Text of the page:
and how patients are diagnosed and treated, rehabilitated, and educated. In systematic inquiries in this field, we look for outcomes
of effective treatment approaches, accurate diagnoses, efficient operations, quality services, and client satisfaction.
A more extensive knowledge base provides us with greater understanding of our field and improves decision-making
in health care.1
Well-informed decisions make for sound policymaking. Sound policies make the health care systems
and support the attainment of our desired health outcomes.
In preparing for this journal, we took great care in incorporating elements that would ensure the overall quality of the journal and
conformance to existing practice standards in producing medical literature. We structured a peer review process that would help us in
determining the suitability of articles for publication. We required full declaration of research funding from authors, as well as disclosure
of competing interests from authors and peer reviewers. We also follow the International Committee of Medical Journal Editors (ICMJE)
Recommendations for the Conduct, Reporting, Editing and Publication of Scholarly Work in
We invite everyone who is directly or indirectly involved in the delivery of health care services to contribute to this journal.
We welcome different submissions, including research reports, systematic reviews, case reports, perspectives,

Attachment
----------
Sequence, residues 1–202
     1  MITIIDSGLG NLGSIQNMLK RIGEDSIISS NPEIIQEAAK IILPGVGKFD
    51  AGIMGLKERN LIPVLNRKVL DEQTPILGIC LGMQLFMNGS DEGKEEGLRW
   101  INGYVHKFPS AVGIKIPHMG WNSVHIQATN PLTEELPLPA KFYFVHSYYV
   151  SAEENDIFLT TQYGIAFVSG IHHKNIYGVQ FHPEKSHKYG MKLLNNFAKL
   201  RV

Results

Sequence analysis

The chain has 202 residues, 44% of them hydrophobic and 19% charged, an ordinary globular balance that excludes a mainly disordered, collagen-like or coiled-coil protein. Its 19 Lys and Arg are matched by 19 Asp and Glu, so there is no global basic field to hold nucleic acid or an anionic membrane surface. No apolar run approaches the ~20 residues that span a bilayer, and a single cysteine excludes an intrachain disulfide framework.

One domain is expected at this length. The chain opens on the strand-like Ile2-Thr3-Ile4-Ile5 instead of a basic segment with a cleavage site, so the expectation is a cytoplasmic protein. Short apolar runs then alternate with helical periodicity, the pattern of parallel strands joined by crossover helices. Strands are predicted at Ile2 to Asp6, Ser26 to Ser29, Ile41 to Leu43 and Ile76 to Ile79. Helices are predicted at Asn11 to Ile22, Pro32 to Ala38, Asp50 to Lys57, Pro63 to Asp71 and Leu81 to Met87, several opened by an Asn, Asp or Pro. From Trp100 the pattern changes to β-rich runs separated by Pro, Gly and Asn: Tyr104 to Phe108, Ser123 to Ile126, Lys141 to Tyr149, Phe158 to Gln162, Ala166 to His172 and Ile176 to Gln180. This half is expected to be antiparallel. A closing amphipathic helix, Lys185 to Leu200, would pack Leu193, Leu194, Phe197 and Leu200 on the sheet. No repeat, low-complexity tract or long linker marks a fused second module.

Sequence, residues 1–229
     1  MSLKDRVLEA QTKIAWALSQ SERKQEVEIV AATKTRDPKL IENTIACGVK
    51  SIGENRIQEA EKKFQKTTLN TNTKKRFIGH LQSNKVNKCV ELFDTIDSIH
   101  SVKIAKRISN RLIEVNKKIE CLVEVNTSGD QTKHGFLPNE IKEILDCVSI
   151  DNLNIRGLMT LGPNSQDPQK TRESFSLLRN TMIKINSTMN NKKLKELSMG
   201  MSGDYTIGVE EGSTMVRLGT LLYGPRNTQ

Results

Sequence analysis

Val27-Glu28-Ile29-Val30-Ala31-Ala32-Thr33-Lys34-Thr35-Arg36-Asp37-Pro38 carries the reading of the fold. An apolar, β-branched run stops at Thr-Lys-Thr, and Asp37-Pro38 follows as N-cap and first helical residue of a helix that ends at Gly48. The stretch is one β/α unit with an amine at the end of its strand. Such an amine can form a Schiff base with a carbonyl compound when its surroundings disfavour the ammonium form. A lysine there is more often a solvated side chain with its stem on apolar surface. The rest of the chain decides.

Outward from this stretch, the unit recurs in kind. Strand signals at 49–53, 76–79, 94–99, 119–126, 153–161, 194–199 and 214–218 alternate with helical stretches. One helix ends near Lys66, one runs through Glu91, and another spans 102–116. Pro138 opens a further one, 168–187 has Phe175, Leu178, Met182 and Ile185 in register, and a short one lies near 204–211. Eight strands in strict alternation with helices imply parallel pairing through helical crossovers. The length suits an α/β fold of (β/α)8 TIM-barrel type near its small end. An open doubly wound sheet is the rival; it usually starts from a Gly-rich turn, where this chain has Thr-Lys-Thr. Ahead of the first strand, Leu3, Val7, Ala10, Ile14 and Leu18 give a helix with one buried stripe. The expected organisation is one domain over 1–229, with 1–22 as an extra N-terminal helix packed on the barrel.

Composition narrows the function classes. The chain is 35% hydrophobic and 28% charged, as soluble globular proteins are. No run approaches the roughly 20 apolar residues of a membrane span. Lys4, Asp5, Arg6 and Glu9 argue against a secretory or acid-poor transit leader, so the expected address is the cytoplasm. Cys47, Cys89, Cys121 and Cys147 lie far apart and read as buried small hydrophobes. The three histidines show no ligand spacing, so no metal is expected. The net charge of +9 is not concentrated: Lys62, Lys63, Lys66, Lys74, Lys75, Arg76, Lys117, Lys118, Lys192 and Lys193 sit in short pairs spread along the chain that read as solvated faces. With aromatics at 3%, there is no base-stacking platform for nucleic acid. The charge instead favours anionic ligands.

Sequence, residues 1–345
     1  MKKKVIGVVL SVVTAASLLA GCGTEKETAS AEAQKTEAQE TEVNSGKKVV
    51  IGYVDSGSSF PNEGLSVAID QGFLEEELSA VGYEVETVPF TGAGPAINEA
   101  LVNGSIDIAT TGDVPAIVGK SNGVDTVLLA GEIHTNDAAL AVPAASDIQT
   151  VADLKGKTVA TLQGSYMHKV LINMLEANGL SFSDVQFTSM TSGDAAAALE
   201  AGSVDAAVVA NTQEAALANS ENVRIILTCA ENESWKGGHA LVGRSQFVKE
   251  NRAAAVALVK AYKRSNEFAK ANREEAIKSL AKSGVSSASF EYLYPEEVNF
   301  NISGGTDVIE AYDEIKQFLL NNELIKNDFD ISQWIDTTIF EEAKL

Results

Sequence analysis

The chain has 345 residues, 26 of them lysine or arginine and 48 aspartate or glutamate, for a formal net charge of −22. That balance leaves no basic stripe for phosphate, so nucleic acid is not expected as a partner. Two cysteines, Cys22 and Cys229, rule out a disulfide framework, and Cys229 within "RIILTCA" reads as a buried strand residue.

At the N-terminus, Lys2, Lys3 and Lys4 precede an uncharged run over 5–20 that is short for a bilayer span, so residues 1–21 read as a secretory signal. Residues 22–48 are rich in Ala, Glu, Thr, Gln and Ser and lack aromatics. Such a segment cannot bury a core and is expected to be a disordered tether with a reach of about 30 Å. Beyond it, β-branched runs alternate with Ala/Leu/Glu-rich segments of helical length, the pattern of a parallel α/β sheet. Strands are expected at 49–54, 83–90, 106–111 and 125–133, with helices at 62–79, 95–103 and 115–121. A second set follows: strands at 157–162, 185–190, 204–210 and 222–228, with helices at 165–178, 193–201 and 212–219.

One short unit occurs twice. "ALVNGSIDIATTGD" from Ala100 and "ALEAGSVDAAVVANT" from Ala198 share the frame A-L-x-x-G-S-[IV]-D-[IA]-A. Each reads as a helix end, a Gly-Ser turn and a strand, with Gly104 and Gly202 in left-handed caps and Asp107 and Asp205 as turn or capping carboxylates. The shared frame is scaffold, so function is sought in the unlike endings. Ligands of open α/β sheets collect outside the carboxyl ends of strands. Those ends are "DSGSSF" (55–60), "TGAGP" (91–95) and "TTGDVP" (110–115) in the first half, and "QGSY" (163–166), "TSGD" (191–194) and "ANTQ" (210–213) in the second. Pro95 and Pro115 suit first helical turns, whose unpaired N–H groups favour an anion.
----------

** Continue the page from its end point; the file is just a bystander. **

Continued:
and editorials on any aspects of health care services. We also encourage readers' correspondence pertaining to the articles
that we publish or to other related topics.
For this first issue, we have carefully chosen articles that we think would best represent our idea of a journal of health care services.
Topics in this issue include training of health care professionals (Bravo, et al.
), biopsychosocial health (Vinson, et al.
clinical implications of a hospital policy (Maranian, et al.
), financial aspects of a disease (Fabian, et al.
effectiveness of an intervention (Lim, et al.
), and clinical case reports of rare diseases (Guevara, et al.
; Cordero, et al.
; Mitchao, et al.
). We are also publishing opinion and perspective articles on several other aspects of health care services
), and we hope that you will find them relevant in your practice. Happy reading!
We would like to thank Dr Leopoldo Vega, the Medical Center Chief of Southern Philippines Medical Center, for initially directing us
to start this project, for consistently encouraging us to continue our efforts over many years of preparation, and for granting all our
Access and license
This is an Open Access article licensed under the Creative Commons
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bear appropriate citation to this original work and are not used for
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1. Calman KC. The ethics of allocation of scarce health care resources: a view from the
centre. J Med Ethics. 1994;20(2):71-4.
2. Brook RH, Vaiana ME. Using the Knowledge Base of Health Services Research to Redefine
Health Care Systems. J Gen Intern Med. 2015;30(10):1547-56.
3. International Committee of Medical Journal Editors. Recommendations for the Conduct,
Reporting, Editing, and Publication of Scholarly Work in Medical Journals. ICMJE; 2014.
Available at: http://www.icmje.org/recommendations/. Accessed October 2, 2015.
Copyright © 2015 AS Concha.